To describe that I’ve been raised in a “Christian upbringing” probably goes without “saying.” My family attended church each week, my brother and I attended a Lutheran preschool, grade school, high school (and college, for that matter). However, given all of these “Christian actions” or choices made (initially) by my parents, there was one constant that stood out as “special.”
My Grandpa Patzke.
Grandpa Patzke was one of four siblings who grew up in Racine in the early 1900s. Like so many from that era, his parents/relatives were recent immigrants from Germany. They were poor. They were hard working farmers. They were strong Lutherans.
Each Sunday of my childhood and early adulthood was spent going to Grandpa’s house for dinners. After dinner? Off to Linda’s for dessert prepared meticulously by my grandpa’s sister, Aunt Carol who lived with Linda. A prayer before each meal, was regularly followed by Matt and I enjoying the banter between my dad and his father pertaining to who would get to pay for the pizza this week, or how something should be gone about differently. The “German” always shone through with bright colors.
But so did the Lutheran.
My grandpa and his siblings were raised to speak of their faith without caution. (**Sidenote: This is really remarkable to me given the many hardships my grandpa and, in particular, his sister Carol endured. Amongst life’s general “hardships,” my grandpa lost his wife shortly after my father was born, and Carol lost her husband quite early in life as well. While I was obviously not around at the time of these life challenges, from the time I was cognizant enough to “know” each of them, their faith in God remained very obviously unwavering. The point I’m trying to make, here, is that their faiths had clearly been tested. It wasn’t “easy faith.” But a “faith” that had endured and grown through trails and tribulations.)
I don’t know quite why, but growing up it wasn’t easy for me to be forth coming with my faith. Sure, in theology class, it was easy to answer questions, or even at Sunday school, but out loud in public, or even amongst my peers it just felt very unnatural. It felt a little awkward. Maybe it was awkward because I was still growing up, but I feel strongly that these “unnatural” and “awkward” feelings were culturally impacted. Culture around me said, “You just don’t talk about your faith out loud whenever or wherever you want.“ Culturally, people don’t do that. But when we were with Grandpa, his faith always shone through. At his house, sure. But even in his truck when he’d pick me up from school. Or at McDonald’s on a day he was watching my brother and me. His faith was never “preachy.” In fact I cannot recall an example right now to save my soul. But it was present enough for everyone around him to know he was a man of faith, and he was unashamed and proud of that fact.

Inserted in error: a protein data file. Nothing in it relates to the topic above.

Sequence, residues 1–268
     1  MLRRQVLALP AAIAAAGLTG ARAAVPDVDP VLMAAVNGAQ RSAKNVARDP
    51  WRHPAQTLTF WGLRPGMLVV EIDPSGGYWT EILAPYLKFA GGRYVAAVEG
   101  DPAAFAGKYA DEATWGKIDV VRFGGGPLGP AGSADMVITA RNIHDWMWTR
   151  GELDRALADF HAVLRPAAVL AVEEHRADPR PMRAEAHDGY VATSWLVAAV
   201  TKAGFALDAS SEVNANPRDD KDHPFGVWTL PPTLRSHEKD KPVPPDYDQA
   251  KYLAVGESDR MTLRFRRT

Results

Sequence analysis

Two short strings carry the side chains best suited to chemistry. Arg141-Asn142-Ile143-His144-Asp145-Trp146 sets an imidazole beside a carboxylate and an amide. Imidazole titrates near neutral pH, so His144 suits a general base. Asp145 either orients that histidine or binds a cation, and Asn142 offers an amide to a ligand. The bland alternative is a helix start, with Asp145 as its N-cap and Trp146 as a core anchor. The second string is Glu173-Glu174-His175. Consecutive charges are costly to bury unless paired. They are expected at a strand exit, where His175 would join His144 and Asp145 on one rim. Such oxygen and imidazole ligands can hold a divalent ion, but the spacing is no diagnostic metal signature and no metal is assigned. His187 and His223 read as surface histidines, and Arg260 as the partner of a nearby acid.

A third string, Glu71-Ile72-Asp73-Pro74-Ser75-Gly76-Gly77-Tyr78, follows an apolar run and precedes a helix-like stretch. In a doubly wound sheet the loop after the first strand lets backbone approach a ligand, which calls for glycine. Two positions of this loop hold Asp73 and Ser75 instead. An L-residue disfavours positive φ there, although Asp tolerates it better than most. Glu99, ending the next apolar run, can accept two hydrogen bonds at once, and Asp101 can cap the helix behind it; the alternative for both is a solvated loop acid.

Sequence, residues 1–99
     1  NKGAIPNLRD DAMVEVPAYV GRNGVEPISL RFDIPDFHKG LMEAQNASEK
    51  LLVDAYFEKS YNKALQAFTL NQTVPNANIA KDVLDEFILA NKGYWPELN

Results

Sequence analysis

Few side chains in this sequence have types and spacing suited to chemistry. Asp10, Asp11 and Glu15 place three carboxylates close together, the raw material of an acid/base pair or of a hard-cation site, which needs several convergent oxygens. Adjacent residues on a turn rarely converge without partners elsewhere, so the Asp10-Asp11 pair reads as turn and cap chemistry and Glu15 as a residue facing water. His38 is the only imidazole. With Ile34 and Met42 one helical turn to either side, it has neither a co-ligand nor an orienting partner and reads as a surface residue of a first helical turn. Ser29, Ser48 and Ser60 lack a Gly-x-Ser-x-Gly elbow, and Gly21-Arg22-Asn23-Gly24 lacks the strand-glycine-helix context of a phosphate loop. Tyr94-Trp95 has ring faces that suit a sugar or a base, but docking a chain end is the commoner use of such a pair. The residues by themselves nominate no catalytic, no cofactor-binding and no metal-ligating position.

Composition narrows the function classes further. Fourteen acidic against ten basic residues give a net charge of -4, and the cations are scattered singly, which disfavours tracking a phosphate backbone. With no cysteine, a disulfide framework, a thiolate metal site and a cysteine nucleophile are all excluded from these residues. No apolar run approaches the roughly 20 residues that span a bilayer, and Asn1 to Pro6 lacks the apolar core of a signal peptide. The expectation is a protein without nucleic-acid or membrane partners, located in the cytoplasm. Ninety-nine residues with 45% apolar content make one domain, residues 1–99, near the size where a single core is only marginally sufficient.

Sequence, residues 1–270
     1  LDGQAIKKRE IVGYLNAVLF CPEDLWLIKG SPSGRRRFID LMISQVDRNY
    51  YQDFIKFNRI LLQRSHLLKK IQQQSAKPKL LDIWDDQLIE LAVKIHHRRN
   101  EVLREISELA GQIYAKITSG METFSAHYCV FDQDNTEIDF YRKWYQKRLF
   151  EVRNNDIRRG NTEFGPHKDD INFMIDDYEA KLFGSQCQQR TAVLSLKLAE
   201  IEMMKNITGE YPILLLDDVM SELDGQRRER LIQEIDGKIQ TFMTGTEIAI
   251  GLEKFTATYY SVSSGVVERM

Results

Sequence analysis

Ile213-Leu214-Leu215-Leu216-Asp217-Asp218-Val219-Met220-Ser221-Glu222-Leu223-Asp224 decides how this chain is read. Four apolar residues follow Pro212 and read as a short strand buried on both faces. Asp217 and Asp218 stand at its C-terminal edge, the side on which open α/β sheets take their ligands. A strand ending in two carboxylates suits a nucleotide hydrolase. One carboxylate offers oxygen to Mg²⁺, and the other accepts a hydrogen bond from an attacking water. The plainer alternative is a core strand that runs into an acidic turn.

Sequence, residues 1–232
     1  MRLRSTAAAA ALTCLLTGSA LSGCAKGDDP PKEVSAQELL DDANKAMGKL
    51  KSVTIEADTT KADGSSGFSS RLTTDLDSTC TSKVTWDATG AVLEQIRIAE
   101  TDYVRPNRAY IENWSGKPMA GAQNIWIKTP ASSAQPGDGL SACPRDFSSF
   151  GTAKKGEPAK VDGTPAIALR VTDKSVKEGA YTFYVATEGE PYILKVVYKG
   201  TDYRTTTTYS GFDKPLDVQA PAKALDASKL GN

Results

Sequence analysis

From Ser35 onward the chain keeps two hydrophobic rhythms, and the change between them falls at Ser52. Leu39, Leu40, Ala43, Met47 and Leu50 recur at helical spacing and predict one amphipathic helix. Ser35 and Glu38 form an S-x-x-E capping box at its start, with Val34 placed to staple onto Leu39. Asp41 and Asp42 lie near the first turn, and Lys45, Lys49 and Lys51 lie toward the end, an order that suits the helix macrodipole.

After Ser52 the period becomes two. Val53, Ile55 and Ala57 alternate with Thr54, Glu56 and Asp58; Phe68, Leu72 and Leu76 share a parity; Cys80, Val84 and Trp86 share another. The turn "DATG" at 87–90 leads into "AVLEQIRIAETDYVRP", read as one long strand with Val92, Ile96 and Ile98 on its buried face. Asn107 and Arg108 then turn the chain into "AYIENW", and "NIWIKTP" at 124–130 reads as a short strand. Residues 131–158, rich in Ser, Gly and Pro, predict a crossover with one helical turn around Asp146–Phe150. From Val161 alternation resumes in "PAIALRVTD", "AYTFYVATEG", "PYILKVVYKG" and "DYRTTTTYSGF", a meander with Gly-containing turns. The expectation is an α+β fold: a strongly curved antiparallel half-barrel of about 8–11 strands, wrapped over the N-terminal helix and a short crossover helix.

I can recall specific examples near the end of his life. He’d say things like, “I just don’t know why the Lord won’t take me now,” or, “I’m praying each night for this to be my last night and it seems like the Lord just isn’t listening.” And he wasn’t the only one to say that. His 99-year-old sister, (Sidenote: all the Patzke siblings lived to be around this old. His mother: 106. Grandpa, 98. Older Brother: 101) who was my dear “Aunt Carol” died this morning. I was told some of her more recent comments included similar pleas made in faith to her Lord.
I’m focusing on “end of life” faith-talk here (because it’s fresh in my mind), but the point I’m trying to make is that the faith of these Patzke siblings was exactly this: Faith they lived. Faith they spoke. Unwavering, confident, and without fear for “political correctness,” or what others around them might think.
It hurt when my grandpa died over two years ago, just as it hurts now to know that Carol has also left her Earthly family behind to join that happy reunion in Heaven. While I’m sad for the physical loss of these family members, I’m further saddened by the fact that this Earth has lost another strong person of faith. Carol, like my grandpa, was unafraid to speak her mind. (Whether that be her faith, or the “secrets” to her phenomenal baking skills). I count myself as blessed beyond measure to have personally experienced such outspoken, confident, faith; while equally feeling sorrow for the growing baby boy inside me who will never get to meet such strong and confident Christians.
And here then, is the challenge that we are now facing. Especially in today’s fast-paced world of social media, social pressures, and “politically correct” means of communicating. It is up to us, the generations still on this Earth, to be strong in our convictions, like those before us were. I’m proud to know my grandpa and his sister, Carol, shared their strong faith with their children, grandchildren, and even great-grand children. There continue to be strong role models of faith for my future son, and his cousin, Theo, who proceeded him earlier this week.
While I know, a Christian faith is not a requirement for one to live a long, happy, and prosperous life on this Earth, I simply don’t know where I’d be today without my own faith, and the faiths of those around me. Miscarriage broke me. Broke. Me. But my faith was the glue that kept all my pieces from spreading out into nothingness. I can say with conviction that my own faith would not be as strong as it is today without the strong Christian role models that began in my grandpa and his sister (and continued down the lines to my parents, aunts, uncles, and cousins).
My prayer tonight is twofold. First, of thankfulness for the long, happy, and faithful lives of the Patzke siblings, in particular tonight for Aunt Carol. Second, for a faith as confident and strong as those that have gone before us. Those proceeding me had such a faith, and impacted mine. It is my prayer to be the same for my growing son, his cousin Theo, and all those yet to come.